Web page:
CASH FOR GOLD AS USA EYE LONDON
- Updated: March 29, 2012
Swin Cash would love to go for her second Olympic gold medal in London this summer. But she’s not tempted to call USA head coach Geno Auriemma for the inside track on her potential selection.
The pair go back a long way, of course. Back to her time at the University of Connecticut when they shared in two NCAA Championships, including a fabled undefeated season in 2002.
Auriemma, as his tradition at this time of year, is now preparing for another Final Four this weekend, starting with Saturday’s semi-final against Notre Dame.
“That’s the job at hand,” Cash declares. Not even a quick text for a hint on her spot?
No, she laughs. “Right now it’s all about UConn and he’ll focus on USA Basketball when it’s time.”
That moment is fast approaching. On Friday, 21 will become 12 when the squad is announced and the reigning world and Olympic champs can look towards the serious business of defending their crown.
All but one of the initial group plies their trade in the WNBA (Baylor’s prodigious Brittney Griner being the lone exception). A handful are involved in this weekend’s Euroleague Women Finals in Istanbul. The internal competition to court favour among USA Basketball’s five-strong selection committee has been fierce.
“It’s so competitive given that we have so much talent and size,” Cash states. “So it’s about putting the best team together that will help us will the gold.”
The Chicago Sky forward, now 32, was part of the USA’s victorious squad at Athens 2004 – and again in the world’s in the Czech Republic two years ago. The Americans will arrive with such tradition firmly on their side. In six of the last seven Olympics, they have stood atop the podium.
That brings added pressure, she admits. But the knock-out format in the latter stages is enough to focus the mind.
“It’s not like in the NBA or WNBA where you have different series in best of three or best of five. We prepare to come in when we’re not making shots and the other team is and it’s all about how you win those games. There’s a lot of mental preparation.”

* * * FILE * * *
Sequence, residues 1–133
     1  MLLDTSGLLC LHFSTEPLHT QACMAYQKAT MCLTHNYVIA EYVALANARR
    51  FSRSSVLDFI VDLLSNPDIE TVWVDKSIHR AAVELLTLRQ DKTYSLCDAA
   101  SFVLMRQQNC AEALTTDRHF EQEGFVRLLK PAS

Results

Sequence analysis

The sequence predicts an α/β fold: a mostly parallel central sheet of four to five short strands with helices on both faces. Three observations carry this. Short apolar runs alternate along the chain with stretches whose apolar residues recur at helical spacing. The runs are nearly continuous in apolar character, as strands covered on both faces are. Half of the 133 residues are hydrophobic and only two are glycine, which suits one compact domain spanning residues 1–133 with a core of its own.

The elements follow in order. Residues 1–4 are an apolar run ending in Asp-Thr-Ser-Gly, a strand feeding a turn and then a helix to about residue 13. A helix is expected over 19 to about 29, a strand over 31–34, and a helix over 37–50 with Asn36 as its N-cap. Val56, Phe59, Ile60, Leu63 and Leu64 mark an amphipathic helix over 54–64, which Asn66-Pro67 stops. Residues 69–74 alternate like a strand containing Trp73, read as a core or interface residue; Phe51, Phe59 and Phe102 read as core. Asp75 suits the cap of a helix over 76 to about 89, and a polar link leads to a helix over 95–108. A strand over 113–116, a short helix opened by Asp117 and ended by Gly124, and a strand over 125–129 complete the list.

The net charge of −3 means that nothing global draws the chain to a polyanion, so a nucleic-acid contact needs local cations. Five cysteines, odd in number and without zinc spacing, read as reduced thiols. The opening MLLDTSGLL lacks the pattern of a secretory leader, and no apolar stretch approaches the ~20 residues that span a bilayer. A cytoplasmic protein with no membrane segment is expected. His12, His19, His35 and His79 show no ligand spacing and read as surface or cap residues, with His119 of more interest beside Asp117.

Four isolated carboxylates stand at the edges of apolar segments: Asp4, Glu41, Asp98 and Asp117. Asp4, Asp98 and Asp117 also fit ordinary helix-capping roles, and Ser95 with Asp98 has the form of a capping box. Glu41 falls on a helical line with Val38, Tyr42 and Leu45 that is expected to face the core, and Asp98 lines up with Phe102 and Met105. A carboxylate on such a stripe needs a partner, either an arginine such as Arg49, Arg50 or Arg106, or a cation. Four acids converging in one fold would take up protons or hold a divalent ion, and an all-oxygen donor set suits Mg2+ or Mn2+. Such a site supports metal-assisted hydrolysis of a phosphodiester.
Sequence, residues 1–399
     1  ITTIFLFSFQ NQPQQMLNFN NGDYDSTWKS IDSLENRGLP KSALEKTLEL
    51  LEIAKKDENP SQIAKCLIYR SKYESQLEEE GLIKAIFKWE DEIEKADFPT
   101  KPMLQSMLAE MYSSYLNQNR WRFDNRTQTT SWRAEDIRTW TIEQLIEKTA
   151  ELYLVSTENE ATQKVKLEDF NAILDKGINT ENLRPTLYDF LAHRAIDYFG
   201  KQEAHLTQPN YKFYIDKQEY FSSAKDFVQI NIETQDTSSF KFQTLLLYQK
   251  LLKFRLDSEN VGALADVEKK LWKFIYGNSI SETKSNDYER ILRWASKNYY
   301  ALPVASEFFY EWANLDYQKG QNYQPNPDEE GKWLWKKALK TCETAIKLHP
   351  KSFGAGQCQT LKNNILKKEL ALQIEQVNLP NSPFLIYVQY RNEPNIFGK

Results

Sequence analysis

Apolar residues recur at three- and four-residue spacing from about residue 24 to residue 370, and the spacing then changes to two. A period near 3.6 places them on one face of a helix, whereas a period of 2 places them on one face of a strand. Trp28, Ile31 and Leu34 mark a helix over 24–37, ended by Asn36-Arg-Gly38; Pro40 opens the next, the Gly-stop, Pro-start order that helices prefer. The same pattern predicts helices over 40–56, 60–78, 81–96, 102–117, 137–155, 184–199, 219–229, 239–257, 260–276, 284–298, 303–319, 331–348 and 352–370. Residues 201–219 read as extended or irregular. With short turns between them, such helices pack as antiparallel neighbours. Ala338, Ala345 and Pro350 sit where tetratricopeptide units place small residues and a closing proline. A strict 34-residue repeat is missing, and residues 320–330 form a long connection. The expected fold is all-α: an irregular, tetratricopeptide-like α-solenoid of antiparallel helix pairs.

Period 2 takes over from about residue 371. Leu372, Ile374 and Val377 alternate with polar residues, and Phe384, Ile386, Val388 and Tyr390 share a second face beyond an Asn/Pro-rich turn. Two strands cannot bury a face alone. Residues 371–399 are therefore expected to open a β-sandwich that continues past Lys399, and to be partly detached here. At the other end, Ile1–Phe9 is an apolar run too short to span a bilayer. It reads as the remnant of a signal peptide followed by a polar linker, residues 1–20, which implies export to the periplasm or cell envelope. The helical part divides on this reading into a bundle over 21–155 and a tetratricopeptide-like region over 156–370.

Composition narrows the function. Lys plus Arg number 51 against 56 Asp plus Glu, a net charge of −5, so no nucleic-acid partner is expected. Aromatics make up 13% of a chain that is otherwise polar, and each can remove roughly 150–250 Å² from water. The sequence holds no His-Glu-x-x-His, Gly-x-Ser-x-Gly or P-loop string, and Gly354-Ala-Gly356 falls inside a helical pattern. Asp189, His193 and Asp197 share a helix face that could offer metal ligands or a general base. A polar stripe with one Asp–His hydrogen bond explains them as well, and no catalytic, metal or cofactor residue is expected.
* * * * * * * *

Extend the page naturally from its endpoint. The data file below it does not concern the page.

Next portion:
Experience matters internationally. In the USA’s initial squad, there are three holdovers with two Olympic titles already to their name. New faces will be expected to quickly integrate themselves into Auriemma’s programme.
The USA training camp will be short and to the point before the team departs for a series of warm-up exhibition games including a clash with Great Britain in Manchester on July 18. The brevity of those preparations is a hindrance, Cash admits.
“We understand that we’re already at a disadvantage to some other countries because a lot of them train 1-2 months before the Olympics whereas we’ll only get 1-2 weeks. You can’t just assume that because you have the most talent, you’re going to win the gold medal.
“You have to have a team with a variety of players who can do a number of things. I know Coach Auriemma likes players who can play multiple positions because you never know what’s going to happen. Whether it’s foul trouble or someone being off on a given night. You need players who are smart enough to go in there and give you what you need.”
European champions Russia will be gunning for the holders. So too France, Australia and the rest of the pack who would love to play David to an American Goliath.
For most of Uncle Sam’s women, there is at least some familiarity with their primary foes. “Whereas on the men’s side, they have to scout and get film and break it down,” Cash reveals. “A lot of times, we know what the opposing players do because we’ve played against them. That’s a help.”
She hopes it will be enough to triumph in London, whether she is on court or watching in front of the TV. The USA simply does not travel to claim just any colour of medal.
“Gold is always the expectation,” Cash affirms. “The bar is always set really high. You can’t lower it because it’s a different year or a different team.
“That’s the way the USA has always approached it.”
Great Britain women play the USA at the Manchester Arena on July 18. For tickets visit www.ticketmaster.co.uk or call +44 (0)844 847 8000